Without water, a human dies in five hours or less in the Sonoran Desert summer.
Because of that, only about 100 people lived in the Valley before the Salt River Project. Now more than 3 million live here — every one of them guzzling, washing, flushing, hosing, and swimming — where nature says they’re not supposed to.
In between death in the desert and the thirsty 3 million stand hundreds of SRP scientists, engineers, and technicians. They watch water, weather and earth over a 13,000 square-mile watershed, guided by managers more conservative than Swiss bankers.
Martini ice and Jacuzzi water begin as rainfall and snow, far from the Valley. Raindrops roll down the flanks of antelope grazing the Aubrey Plains west of Flagstaff and splash above Apache trout undulating in White Mountain streams.
Here’s how water comes from those silent, wild places to slake the thirst of a dusty collection of desert cities.
Surface water — two-thirds of SRP’s traditional supply — travels from snowy mountains in Arizona’s far northern and eastern reaches. Company helicopters outfitted with snowshoes land on wilderness ridgelines while technicians leap out and tromp onto the snow to measure precipitation.
"We watch over our watershed like a hawk," said John Sullivan, water group associate general manager.
When spring arrives and the weather heats up, snowmelt begins running south about the time the snowbirds begin their diaspora north. While they’re driving up Interstate 17, melted snow is dripping, trickling and streaming down the walls of Oak Creek Canyon, over the lip of the Mogollon Rim, through the rock halls of Hellsgate Canyon.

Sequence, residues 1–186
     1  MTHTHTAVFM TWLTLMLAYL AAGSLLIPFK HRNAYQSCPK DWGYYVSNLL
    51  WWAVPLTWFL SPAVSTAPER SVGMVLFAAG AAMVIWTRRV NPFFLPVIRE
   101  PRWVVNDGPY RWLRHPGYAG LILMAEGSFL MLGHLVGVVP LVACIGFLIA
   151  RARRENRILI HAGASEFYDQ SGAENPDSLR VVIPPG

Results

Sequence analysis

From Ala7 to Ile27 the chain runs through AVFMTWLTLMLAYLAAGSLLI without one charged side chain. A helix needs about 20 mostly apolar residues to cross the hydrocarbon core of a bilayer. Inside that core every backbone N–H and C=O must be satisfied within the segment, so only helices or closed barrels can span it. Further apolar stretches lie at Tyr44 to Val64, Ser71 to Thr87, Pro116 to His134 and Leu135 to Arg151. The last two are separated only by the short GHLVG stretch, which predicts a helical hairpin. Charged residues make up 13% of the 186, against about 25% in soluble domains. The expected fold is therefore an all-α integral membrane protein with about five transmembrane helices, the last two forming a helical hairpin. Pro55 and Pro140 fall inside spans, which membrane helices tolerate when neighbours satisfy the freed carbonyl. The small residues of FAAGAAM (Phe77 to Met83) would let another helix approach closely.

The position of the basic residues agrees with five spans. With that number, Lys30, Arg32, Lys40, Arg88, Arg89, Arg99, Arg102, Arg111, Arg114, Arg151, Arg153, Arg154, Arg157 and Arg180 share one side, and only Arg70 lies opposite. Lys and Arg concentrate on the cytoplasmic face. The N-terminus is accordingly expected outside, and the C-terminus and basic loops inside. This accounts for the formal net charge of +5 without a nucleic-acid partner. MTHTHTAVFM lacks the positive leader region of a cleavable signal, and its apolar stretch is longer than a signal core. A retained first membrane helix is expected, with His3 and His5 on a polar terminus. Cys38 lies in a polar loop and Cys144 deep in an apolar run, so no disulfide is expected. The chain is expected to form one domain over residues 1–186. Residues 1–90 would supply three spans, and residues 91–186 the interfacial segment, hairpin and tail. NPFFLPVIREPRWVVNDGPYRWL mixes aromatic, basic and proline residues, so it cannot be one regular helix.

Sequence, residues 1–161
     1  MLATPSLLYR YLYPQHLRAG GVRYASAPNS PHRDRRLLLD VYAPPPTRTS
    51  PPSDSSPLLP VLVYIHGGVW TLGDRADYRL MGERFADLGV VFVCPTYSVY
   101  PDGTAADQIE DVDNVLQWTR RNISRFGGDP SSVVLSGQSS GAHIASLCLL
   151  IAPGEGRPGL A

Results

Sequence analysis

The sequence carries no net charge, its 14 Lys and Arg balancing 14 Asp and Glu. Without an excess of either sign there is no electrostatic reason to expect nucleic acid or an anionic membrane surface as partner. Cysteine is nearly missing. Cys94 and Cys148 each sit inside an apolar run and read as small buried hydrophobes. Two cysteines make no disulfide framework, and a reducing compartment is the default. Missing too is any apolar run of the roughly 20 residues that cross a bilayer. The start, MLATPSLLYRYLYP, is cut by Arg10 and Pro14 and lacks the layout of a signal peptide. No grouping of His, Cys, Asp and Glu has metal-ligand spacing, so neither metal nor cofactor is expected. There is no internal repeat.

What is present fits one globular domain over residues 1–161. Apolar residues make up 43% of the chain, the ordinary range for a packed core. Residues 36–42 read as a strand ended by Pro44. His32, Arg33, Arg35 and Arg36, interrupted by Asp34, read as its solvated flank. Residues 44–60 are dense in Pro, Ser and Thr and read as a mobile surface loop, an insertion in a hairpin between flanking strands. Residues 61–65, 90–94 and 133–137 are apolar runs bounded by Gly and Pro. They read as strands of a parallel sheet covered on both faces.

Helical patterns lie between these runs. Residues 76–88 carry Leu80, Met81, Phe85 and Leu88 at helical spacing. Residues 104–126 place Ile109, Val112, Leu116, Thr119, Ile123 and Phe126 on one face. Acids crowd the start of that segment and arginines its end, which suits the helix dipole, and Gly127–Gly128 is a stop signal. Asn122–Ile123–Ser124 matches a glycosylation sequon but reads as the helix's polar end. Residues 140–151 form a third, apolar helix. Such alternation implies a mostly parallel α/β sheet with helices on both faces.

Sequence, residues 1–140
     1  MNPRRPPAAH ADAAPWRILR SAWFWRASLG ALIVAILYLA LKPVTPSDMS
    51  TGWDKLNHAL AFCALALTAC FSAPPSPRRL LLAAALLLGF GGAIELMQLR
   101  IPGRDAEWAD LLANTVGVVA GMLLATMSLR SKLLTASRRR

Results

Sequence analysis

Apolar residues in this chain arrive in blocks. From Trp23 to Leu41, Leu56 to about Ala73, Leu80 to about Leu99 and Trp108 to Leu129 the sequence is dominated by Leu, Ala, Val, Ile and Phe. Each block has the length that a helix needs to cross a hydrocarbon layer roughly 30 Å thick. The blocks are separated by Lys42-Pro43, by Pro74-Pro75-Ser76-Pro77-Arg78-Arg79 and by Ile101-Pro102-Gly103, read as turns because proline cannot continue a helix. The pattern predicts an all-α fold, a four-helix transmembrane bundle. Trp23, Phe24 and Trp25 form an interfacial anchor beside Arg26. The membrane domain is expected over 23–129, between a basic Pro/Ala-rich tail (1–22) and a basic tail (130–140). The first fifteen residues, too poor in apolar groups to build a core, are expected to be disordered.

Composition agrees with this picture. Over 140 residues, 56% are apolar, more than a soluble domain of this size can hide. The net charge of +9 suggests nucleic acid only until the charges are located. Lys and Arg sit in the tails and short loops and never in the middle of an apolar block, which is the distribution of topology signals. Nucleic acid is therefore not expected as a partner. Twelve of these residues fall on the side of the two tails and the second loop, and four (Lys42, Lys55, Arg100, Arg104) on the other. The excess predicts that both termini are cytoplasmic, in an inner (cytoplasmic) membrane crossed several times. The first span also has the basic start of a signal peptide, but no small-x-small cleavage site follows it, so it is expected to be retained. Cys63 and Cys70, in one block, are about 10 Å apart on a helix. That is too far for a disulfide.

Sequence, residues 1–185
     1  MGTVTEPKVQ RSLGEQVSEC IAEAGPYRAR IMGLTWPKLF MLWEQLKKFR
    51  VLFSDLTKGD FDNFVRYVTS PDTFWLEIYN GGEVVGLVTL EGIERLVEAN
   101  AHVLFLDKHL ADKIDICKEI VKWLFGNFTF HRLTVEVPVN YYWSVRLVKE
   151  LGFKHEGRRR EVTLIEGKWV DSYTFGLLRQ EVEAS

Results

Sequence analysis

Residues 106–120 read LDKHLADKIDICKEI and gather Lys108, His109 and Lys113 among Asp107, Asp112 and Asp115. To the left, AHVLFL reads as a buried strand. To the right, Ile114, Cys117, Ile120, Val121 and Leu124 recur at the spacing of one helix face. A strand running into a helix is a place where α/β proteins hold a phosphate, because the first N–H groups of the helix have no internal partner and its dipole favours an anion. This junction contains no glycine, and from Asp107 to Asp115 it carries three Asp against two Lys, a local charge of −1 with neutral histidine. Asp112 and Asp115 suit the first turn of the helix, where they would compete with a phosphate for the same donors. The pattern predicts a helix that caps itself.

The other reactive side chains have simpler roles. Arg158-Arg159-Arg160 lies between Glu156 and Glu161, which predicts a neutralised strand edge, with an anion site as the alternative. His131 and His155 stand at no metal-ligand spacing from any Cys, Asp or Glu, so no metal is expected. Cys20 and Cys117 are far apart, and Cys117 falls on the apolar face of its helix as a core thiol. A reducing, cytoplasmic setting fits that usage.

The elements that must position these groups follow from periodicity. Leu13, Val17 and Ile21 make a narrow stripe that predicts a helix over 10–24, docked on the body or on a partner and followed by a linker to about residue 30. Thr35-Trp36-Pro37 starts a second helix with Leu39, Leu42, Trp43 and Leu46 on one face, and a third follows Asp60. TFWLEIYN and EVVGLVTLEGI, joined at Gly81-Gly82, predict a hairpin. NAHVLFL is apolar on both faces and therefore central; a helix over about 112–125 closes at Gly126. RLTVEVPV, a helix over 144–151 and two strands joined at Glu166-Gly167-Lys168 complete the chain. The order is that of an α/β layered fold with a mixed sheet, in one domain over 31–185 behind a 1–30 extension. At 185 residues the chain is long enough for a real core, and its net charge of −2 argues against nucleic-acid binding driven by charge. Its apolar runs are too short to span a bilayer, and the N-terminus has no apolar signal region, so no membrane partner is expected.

The water wants to go down as far as it can go. It knows exactly how to get there: Gravity drives almost all of SRP’s system except for one spot on the Highline Canal near South Mountain, where water is boosted by a pump into Ahwatukee Foothills.
Up where the Black and White rivers meet, about 10 miles southwest of Fort Apache in the White Mountains, the Salt River begins about a 40-mile trip to Roosevelt Lake. What started as an inaudible trickle under black wet rocks turns into a torrent rushing so hard rafters call the Salt River the Little Grand Canyon because of the powerful and dangerous Class IV rapids.
SRP runs the water system somewhat like a bank account. The six reservoirs filling canyons northeast of the Valley are like a checking account. Underground storage facilities and groundwater wells are like savings accounts.
Sullivan said the reservoir system, with a capacity of 2.3 million acrefeet, "is the drought protection for the Valley." An acre-foot is enough water to supply a family of four for a year, or enough water to cover an acre of ground to a depth of 1 foot.
About a week ago, the reservoirs held a little more than 618,000 acrefeet — 27 percent of what they’re capable of holding.
Compared to SRP water managers, investment bankers behave like drunken sailors.
"We take a pretty conservative approach to planning how we will operate our reservoir system," Sullivan said. "We’re always planning as if we’re either at the beginning or somewhere in a seven-year drought, which is the drought of record."
All six reservoirs feed into the Granite Reef Diversion Dam north of Mesa. It has been around since 1908, although an older wooden version was in place in the late 1800s.
"It wasn’t reliable; it kept washing out," said Paul Cherrington, water engineering and transmission manager.
Granite Reef shunts water to two canals: The Arizona Canal on the north side of the river, and the South Canal, on the south side of the river.